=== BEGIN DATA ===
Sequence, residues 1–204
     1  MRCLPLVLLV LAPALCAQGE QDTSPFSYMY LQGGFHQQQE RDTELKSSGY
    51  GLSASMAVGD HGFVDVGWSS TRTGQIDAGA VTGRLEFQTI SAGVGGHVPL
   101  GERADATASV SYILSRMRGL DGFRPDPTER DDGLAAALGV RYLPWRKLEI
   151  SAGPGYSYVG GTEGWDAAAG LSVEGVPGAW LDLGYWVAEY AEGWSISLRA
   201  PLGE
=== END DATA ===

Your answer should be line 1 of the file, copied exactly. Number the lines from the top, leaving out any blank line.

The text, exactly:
Sequence, residues 1–204